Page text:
Séminaire Temps & Fréquence (SYRTE)
Spectral purity transfer for optical atomic clocks
Hector Alvarez Martinez – LNE-SYRTE
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Optical frequency combs (OFCs) and ultra-stable lasers are key elements opening the way to optical clocks at the 10^-18 level. While the quantum projection noise certainly allows levels below 10^-17/t^1/2 for 10^4 atoms probed simultaneously (t being the integration time), the residual frequency noise of the local oscillator probing the narrow atomic resonance leads to the so-called Dick effect, limiting even the best optical clocks to a few 10^-16/t^1/2
In this context, it is very convenient to build ultra-stable lasers at wavelengths where components and spectrally pre-narrowed lasers are available such as the band 1530 nm – 1565 nm (C-band, used for optical infrared telecommunications). Regardless of the laser stabilization method used to this end, it is necessary to transfer the stability of the best SYRTE optical oscillator (master laser) to others target metrological wavelengths such as 698 nm for Sr, 1062 nm for Hg, and 1160 nm for SHB (slave lasers). This is achieved via an OFC operated, in our case, in the “narrow linewidth regime” and by the so called transfer oscillator technique, applicable even when the wavelengths of the master and slave lasers are far apart.
First, I will briefly introduce the frequency chain architecture together with the OFC, the core of the chain, which allows us to link the microwave and optical domains. I will describe how two optical clocks are compared both locally and internationally, and I will comment the services that we can offer to those who want to compare against our system.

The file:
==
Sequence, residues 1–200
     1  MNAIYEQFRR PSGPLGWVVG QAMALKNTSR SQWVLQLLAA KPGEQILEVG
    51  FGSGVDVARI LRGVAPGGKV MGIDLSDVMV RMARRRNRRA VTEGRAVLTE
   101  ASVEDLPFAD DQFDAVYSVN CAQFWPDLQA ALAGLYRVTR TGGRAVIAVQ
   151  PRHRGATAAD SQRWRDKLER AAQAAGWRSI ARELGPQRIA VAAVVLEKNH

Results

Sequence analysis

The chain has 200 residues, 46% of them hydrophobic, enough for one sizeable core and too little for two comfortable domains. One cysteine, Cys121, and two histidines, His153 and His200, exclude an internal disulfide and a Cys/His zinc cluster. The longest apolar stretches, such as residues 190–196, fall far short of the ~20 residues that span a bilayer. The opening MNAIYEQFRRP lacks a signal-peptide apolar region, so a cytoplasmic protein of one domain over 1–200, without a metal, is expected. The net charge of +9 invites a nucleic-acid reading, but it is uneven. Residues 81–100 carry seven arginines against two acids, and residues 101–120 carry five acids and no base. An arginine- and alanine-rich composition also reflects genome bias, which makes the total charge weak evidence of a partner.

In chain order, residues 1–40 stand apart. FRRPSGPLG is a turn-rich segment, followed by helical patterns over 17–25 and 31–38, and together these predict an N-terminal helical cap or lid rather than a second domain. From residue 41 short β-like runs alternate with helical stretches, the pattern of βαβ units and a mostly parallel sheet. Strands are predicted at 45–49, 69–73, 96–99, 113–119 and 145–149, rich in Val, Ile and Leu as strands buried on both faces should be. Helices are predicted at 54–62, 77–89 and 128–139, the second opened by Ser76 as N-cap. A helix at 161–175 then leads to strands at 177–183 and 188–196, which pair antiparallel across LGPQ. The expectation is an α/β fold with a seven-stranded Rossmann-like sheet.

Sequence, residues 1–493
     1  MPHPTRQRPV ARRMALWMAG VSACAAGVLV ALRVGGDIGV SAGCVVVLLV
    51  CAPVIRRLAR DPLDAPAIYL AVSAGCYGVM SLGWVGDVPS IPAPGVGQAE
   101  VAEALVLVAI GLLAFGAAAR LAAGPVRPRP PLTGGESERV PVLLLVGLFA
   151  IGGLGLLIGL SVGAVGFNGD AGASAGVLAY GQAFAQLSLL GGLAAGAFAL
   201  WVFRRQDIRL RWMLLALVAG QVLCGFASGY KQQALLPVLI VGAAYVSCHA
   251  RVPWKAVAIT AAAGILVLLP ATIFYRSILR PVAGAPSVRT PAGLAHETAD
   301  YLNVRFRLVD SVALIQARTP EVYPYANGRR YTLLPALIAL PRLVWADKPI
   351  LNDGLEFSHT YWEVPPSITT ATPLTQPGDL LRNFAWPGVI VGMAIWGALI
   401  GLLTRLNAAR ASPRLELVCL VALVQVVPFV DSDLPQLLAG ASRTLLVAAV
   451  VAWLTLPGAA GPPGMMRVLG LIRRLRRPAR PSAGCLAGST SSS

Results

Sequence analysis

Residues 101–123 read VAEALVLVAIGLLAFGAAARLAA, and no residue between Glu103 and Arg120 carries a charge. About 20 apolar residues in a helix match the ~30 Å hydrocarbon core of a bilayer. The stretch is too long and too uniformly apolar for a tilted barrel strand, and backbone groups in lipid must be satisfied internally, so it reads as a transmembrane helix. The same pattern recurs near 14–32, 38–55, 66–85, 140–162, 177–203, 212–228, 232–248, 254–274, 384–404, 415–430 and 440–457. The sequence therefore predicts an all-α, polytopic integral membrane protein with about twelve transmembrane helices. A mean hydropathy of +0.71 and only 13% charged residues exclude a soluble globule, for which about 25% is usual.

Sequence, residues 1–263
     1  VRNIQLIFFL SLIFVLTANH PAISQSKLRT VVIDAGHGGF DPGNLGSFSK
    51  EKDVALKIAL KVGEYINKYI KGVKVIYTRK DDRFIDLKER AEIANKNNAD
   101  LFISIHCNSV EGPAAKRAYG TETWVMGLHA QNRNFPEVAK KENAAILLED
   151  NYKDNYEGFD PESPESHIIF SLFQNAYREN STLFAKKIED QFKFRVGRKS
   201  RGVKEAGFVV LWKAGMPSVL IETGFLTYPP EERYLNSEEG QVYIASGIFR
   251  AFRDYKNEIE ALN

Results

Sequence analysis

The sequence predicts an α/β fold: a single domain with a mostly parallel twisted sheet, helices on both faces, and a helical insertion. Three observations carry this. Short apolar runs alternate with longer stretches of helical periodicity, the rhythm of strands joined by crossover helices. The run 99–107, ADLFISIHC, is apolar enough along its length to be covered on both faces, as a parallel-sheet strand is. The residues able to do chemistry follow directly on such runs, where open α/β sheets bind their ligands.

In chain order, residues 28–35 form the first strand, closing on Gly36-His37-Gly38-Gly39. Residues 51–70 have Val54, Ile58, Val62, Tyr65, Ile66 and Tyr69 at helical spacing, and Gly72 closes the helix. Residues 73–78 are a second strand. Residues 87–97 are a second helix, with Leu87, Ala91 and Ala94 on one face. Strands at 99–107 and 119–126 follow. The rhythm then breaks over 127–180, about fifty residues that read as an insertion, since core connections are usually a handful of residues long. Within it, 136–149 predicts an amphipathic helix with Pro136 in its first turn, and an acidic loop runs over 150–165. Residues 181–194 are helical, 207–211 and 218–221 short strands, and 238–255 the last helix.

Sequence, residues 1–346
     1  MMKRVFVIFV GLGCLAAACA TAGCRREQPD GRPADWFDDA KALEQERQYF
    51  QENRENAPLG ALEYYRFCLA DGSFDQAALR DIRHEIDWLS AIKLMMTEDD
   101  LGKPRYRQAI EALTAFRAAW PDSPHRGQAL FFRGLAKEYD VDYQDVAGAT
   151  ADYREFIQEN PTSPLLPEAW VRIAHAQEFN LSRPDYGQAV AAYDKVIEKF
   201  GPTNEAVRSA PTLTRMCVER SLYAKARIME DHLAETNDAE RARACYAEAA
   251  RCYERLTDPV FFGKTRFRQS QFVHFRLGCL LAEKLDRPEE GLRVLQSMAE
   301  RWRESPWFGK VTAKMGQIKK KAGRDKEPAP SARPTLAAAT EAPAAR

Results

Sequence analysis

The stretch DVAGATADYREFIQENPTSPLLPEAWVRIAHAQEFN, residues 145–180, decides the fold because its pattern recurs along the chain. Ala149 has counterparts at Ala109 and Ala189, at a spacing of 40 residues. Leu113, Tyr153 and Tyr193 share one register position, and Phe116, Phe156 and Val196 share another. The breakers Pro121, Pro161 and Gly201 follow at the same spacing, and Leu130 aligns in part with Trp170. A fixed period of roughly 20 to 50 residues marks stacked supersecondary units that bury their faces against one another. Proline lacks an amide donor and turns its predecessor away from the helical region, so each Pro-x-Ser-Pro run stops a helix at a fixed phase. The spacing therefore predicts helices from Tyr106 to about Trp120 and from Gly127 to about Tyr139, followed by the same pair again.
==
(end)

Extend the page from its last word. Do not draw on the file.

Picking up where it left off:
Second, I will show an easy and reliable way to deal with one of the two degrees of freedom of the OFC, its carrier envelope offset (CEO) frequency. Our approach presents several benefits while being still compatible with the most advanced optical clocks accuracy results and spectral purity transfer methods.
Finally, I will present a new OFC based scheme transferring 6x10^-16 at one second from a 1542 nm wavelength laser (reference channel for the European fiber link) to a 1062 nm laser (metrological probing of the 199Hg atoms, after frequency quadrupling), a 698 nm laser (probe laser for the 87Sr atoms) and a 1062 nm laser (laser based on the spectral hole burning technique). With a residual noise due to the transfer in the 10^-18 range, I will show the potential and the main advantages of this new approach with respect to others, already done here at SYRTE and other laboratories, and its possible limitations regarding the final residual noise introduce by the transfer itself.